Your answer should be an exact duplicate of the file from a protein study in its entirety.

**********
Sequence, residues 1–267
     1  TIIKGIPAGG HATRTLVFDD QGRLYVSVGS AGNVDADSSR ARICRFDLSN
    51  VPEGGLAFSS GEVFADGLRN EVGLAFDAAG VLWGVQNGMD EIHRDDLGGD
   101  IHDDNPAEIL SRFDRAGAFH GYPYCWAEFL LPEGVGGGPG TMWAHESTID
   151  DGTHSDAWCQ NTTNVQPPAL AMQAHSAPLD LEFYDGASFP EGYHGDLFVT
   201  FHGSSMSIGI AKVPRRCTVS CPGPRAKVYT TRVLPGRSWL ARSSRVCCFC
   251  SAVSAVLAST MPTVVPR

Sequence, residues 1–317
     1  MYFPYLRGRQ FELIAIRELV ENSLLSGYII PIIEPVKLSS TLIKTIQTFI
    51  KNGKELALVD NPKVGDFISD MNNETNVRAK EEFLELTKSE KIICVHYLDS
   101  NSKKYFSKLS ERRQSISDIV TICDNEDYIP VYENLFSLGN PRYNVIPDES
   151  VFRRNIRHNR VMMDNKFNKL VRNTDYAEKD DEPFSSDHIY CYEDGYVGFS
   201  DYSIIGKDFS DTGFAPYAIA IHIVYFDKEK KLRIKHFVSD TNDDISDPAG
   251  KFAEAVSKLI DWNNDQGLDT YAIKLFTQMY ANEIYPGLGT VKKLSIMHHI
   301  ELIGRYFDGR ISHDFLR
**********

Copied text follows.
Sequence, residues 1–267
     1  TIIKGIPAGG HATRTLVFDD QGRLYVSVGS AGNVDADSSR ARICRFDLSN
    51  VPEGGLAFSS GEVFADGLRN EVGLAFDAAG VLWGVQNGMD EIHRDDLGGD
   101  IHDDNPAEIL SRFDRAGAFH GYPYCWAEFL LPEGVGGGPG TMWAHESTID
   151  DGTHSDAWCQ NTTNVQPPAL AMQAHSAPLD LEFYDGASFP EGYHGDLFVT
   201  FHGSSMSIGI AKVPRRCTVS CPGPRAKVYT TRVLPGRSWL ARSSRVCCFC
   251  SAVSAVLAST MPTVVPR

Sequence, residues 1–317
     1  MYFPYLRGRQ FELIAIRELV ENSLLSGYII PIIEPVKLSS TLIKTIQTFI
    51  KNGKELALVD NPKVGDFISD MNNETNVRAK EEFLELTKSE KIICVHYLDS
   101  NSKKYFSKLS ERRQSISDIV TICDNEDYIP VYENLFSLGN PRYNVIPDES
   151  VFRRNIRHNR VMMDNKFNKL VRNTDYAEKD DEPFSSDHIY CYEDGYVGFS
   201  DYSIIGKDFS DTGFAPYAIA IHIVYFDKEK KLRIKHFVSD TNDDISDPAG
   251  KFAEAVSKLI DWNNDQGLDT YAIKLFTQMY ANEIYPGLGT VKKLSIMHHI
   301  ELIGRYFDGR ISHDFLR